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Recently we have setup a new SMTP server to send newsletters and promotional mails to our registered users. There are 5000 users who will receive newsletters on weekly basis. We are getting bounced mails, when we tried to send promotional mails first time. We have setup SPF records and domain keys as well. But we are not able to understand the reason why Yahoo blocked emails. Can you suggest how banks and other big websites send emails with out any problem?

Here is the content of bounced mail that was sent by Yahoo.


Could not deliver message to the following recipient(s):

Failed Recipient: email@domain.com Reason: Remote host said: 421 4.7.0 [TS01] Messages from xx.xx.xx.xx temporarily deferred due to user complaints - 4.16.55.1; see http://postmaster.yahoo.com/421-ts01.html


Before we use new SMTP service, we used to outsource this work to third party email marketers and we did not configure SPF or domain keys that time. But it was successful. Which way actually they follow?

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5 Answers 5

If you follow the link it is pretty self explanatory. You need to rate limit your mail and if still blocked contact them. Be prepared to show that that the user opted in with logged date, ip, etc.

Maybe not in this instance but as a general rule you may need to look at the content of your message and see if it looks like spam. By slightly adjusting your mail to remove or change elements commonly seen in spam you can drastically reduce your chances of being blocked.

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Before we use new SMTP service, we used to outsource this work to third party email marketers and we did not configure SPF or domain keys that time. But it was successful. Which way actually they follow? –  kris Jul 1 '10 at 11:29
    
Why not ask them? How would any of us know? –  joeqwerty Jul 1 '10 at 12:33
    
They won't reveal their technical implementations... –  kris Jul 1 '10 at 12:47
3  
Most of email marketeers value is that they deal with this hassle for you. So your choice is pay up and get on with your key business or contact and deal with each individual ISP that you find blocking it –  JamesRyan Jul 1 '10 at 13:49
    
What our bosses call 'promotional email' others call spam. It's harder than it looks to send that much of emails and not get noticed. I use mailman lists to do that, so it deals with delays and rate limiting. –  coredump Jul 21 '10 at 17:28

Yahoo is a very prickly customer for volume senders. Here's a checklist:

  • Rate limit both messages per hour and connection count
  • Aggregate those values across all yahoo domains (e.g. yahoo.com, yahoo.in, yahoo.co.uk, btinternet.com and many more) as they all share live delivery records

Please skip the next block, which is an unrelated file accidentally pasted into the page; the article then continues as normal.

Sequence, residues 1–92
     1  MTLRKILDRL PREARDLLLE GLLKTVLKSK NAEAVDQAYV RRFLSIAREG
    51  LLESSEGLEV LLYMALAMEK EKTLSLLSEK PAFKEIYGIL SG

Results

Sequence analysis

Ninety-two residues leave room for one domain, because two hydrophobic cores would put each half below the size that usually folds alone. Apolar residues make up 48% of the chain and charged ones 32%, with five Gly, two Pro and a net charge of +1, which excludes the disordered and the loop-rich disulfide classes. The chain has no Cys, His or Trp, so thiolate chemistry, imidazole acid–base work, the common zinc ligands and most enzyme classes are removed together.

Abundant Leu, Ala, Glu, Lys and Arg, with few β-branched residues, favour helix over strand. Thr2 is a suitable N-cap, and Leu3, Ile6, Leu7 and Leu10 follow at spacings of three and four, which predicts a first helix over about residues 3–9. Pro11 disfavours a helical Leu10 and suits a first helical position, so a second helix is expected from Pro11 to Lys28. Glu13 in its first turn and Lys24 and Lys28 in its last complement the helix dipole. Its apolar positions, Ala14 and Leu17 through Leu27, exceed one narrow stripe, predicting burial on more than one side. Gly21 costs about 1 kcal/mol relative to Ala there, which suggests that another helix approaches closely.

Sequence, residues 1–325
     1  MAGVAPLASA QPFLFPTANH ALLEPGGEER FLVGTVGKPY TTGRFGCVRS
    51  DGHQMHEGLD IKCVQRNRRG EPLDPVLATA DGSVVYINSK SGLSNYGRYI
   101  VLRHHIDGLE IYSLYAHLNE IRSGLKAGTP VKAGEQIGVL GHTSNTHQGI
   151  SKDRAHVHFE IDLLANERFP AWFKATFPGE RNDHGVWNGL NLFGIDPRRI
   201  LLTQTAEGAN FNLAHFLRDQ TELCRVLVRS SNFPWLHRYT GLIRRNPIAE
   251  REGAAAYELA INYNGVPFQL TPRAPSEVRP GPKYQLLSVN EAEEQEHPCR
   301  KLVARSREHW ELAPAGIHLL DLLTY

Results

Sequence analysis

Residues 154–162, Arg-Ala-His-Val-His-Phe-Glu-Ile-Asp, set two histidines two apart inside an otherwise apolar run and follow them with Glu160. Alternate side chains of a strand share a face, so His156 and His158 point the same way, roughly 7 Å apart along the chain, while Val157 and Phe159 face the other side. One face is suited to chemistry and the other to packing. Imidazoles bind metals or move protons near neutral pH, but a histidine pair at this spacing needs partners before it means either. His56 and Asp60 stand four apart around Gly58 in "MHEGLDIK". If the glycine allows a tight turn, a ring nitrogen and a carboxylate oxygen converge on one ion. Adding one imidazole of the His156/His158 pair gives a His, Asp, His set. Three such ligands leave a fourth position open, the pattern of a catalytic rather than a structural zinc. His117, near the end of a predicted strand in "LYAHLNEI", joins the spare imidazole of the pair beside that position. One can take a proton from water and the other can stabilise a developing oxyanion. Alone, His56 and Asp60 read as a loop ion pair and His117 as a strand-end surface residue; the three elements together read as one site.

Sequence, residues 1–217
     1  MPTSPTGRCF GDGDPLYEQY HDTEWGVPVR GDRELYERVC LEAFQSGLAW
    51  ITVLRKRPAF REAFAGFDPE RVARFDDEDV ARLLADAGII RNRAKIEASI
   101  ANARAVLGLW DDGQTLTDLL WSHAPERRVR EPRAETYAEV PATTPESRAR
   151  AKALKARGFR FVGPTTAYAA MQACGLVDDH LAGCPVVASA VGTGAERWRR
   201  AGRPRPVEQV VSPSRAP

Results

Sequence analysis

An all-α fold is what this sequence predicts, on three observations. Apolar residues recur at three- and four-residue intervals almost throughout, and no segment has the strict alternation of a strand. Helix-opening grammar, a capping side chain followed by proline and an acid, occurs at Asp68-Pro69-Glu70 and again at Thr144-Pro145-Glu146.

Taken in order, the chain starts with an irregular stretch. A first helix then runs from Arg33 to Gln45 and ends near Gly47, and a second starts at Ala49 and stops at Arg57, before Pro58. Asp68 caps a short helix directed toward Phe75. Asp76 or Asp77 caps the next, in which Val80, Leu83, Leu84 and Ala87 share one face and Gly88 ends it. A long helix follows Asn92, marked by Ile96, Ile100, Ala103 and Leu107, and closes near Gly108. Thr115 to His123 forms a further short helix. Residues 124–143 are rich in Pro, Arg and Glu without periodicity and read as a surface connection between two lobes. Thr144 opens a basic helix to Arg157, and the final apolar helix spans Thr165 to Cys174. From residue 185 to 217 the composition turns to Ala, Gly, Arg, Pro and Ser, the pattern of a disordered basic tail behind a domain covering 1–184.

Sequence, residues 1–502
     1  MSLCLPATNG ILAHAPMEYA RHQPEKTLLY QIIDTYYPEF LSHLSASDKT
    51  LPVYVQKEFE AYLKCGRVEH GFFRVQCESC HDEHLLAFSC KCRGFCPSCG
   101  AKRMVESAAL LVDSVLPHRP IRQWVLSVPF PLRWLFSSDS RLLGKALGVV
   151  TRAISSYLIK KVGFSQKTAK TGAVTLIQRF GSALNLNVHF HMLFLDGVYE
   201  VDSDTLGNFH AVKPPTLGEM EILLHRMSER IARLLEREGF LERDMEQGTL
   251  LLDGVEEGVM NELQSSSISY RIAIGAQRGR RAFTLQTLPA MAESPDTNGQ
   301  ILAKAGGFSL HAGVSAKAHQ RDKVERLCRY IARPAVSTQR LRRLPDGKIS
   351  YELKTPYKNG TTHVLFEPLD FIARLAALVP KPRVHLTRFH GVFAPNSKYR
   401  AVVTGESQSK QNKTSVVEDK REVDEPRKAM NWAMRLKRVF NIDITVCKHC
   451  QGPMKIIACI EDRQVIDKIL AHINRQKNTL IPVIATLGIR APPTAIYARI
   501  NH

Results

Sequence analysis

• Sign EVERYTHING with DKIM, even if only as an intermediary
  • Use a -all default action in your SPF
  • Add a SenderID record to make it defer to SPF, and register it with hotmail
  • For yahoo domains, remove addresses from your lists (and suppress from future additions) after a single hard bounce; it's part of their terms
  • Remove persistent bounces of any type
  • Honour unsubscribes
  • Use as many feedback loops as you can
  • Check sample messages with SpmAssassin - this won't help you against big ISPs specifically, but it will provide good suggestions
  • Don't change your IP; some feedback loops require 6 months established sending history
  • Make sure your DNS resolves both forwards and backwards
  • It might seem obvious, but don't send spam!

While certification and white-listing companies can help, they are often outrageously expensive and pretty much amount to a protection racket. Of the major ones, I'd say Habeas' SafeList is the one with the most integrity, though they are now owned by ReturnPath.

There's more too, but those are the basics. My company does all this for our mailing service and we've had peaks of over 2 million messages per day.

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Your volume probably isn't high enough to justify the extra cost, but SenderScore certification will help your deliverability to Yahoo and other providers. When I had my servers certified, my results were similar to this.

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The basic issue is reputation of Email servers. When you start fresh, people are wary of you.

Try this Email Server test. If everything there is ok, join the Whitelisting/feedback loop programs offered by providers.

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You may want to check that you've got everything setup correctly. You can do a quick check by e-mailing check-auth@verifier.port25.com

The results will be e-mailed back to you.

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